Post-Divorce Mortgage issue

9 Replies

Good morning BP!

My wife was married before, and she left him with the house and the mortgage that they had on it. The divorce decree does not require him to refinance to get her name off of it, but now that he's late on his mortgage payments, its affecting her credit score negatively. Is there a way to solve this that does not involve thousands of dollar in lawyer's fees? Do we have to sue him for it? This home is in Texas, and the ex- is not very cooperative.

If she's on the loan she can talk to the lender.  Has she done this yet?

Also, was there a titled ownership change?


@William Hochstedler  

Thanks for the reply. She is on the loan, but the lender would not willingly remove her without the property being refinanced, in my understanding.

For ownership, at the time of the divorce, she signed a quit claim, so she is not on the deed. Here's something interesting though-now if you go to the county tax assessor's site, you can find that the property is no longer in his name either. Some investment group purchased it subject to the existing lien I think. How does that change things? Can she go to the lender and report that and ask them to call the loan due in full?

Yes, she can ask but will result in a foreclosure most likely.  Without being on title, she can't force a partition sale.  I see this in short sales, without the sub2, I believe she's unfortunately stuck.  Another example of the issues with doing a sub2 with some yahoo off the street.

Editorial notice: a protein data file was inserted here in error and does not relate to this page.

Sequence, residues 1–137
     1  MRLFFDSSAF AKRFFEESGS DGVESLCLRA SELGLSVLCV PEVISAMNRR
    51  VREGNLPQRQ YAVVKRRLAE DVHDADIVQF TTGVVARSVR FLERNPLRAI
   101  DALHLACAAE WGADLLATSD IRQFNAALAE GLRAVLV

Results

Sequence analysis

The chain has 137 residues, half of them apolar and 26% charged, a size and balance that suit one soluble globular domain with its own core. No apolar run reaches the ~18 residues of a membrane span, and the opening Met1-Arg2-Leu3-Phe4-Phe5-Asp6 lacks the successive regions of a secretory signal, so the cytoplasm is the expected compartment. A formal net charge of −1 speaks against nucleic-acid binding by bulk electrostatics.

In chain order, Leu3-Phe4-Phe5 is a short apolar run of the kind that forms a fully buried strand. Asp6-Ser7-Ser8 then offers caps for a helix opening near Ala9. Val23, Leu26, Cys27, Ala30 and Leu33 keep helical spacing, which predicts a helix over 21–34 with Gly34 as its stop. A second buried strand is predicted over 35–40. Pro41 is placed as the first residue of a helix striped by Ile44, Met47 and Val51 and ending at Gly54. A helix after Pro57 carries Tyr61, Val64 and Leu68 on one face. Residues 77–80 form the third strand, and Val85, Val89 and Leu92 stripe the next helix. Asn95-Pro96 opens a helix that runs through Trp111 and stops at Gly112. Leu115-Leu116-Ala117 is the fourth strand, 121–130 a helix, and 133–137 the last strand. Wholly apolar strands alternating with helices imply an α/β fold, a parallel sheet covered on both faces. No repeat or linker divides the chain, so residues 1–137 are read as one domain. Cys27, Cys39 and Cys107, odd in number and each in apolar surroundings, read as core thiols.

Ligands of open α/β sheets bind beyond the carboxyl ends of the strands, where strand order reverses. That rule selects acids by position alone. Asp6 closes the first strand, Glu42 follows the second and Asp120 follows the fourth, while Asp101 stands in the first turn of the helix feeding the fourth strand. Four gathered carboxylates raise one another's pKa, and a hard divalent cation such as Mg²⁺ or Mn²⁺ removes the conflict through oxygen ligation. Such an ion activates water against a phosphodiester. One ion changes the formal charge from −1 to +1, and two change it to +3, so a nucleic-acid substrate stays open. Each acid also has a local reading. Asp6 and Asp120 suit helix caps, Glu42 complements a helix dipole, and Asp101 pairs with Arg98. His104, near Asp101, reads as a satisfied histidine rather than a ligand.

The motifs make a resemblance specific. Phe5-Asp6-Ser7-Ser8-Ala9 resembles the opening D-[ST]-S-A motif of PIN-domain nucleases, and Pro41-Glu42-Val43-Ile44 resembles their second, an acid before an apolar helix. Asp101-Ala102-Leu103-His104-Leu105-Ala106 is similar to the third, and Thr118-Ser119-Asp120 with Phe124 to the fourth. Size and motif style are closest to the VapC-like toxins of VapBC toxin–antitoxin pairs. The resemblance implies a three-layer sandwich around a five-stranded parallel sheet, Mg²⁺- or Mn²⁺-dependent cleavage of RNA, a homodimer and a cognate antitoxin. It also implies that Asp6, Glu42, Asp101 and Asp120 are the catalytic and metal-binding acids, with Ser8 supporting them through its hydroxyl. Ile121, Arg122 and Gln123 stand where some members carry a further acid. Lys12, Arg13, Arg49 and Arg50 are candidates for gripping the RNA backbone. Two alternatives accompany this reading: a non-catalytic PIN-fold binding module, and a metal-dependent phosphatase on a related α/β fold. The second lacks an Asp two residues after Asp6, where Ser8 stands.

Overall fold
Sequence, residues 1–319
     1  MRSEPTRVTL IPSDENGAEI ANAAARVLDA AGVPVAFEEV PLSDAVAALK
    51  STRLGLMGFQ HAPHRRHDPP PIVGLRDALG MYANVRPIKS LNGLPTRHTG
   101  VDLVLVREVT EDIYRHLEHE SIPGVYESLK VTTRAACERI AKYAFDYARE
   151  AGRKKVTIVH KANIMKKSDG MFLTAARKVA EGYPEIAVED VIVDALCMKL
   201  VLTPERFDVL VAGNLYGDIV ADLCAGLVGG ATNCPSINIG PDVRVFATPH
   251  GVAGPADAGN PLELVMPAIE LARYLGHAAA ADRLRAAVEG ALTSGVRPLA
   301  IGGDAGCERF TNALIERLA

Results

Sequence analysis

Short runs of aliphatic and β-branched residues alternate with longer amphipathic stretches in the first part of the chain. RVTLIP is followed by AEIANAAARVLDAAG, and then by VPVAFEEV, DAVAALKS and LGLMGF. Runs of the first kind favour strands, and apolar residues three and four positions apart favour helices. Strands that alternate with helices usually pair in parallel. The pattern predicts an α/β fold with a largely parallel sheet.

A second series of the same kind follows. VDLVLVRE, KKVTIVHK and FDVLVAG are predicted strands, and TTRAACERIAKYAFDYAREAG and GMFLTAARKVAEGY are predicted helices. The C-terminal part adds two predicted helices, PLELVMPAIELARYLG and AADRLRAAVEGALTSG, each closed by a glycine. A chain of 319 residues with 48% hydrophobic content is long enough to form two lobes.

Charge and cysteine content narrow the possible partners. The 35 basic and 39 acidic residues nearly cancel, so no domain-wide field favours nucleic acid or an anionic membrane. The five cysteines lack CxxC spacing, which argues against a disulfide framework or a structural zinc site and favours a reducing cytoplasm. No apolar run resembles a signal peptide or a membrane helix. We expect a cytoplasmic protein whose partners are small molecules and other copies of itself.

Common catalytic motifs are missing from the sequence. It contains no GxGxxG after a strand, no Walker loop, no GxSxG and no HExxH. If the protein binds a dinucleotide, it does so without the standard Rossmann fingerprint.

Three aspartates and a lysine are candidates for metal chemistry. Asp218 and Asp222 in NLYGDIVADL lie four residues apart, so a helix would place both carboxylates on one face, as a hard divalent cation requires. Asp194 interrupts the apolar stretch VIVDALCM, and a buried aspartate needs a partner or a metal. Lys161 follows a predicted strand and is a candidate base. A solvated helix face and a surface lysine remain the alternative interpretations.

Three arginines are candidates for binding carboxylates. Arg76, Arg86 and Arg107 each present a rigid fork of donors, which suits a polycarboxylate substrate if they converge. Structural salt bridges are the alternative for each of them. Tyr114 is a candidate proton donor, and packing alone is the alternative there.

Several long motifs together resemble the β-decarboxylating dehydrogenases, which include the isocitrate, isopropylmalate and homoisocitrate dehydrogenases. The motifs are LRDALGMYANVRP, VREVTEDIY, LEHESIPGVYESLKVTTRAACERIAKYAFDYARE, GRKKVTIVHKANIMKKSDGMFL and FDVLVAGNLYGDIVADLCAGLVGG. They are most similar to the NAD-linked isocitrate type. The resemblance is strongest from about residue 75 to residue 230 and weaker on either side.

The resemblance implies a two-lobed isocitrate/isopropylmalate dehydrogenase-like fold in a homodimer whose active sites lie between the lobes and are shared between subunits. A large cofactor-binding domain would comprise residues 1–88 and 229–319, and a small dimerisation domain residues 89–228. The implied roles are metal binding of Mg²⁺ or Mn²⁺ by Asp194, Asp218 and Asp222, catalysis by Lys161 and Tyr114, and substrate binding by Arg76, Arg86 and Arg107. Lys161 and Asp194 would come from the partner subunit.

I know it's not what you want to hear, but it's time to talk to a lawyer.  Calling the loan due won't help her if she is still responsible for the mortgage.  

Yeah, of course the foreclosure would be FAR worse than a 30 days late on her credit report.

Certainly get in touch with the new owner/investor.

If I were the buyer on a sub2, I would be very interested in your wife's information: late payments, potential due on sale, potential lawyers.  They should be very cooperative.

At least find out the details of the transaction.  There may be a balloon in the near future.


Since she's on the note, she is responsible for the payment whether he pays it or not.  Chances are there's nothing you can do.

Tough spot, but as others have said, she's basically stuck on it.

Talk to a lawyer. At least in Colorado you can get things like that clarified with the Court.

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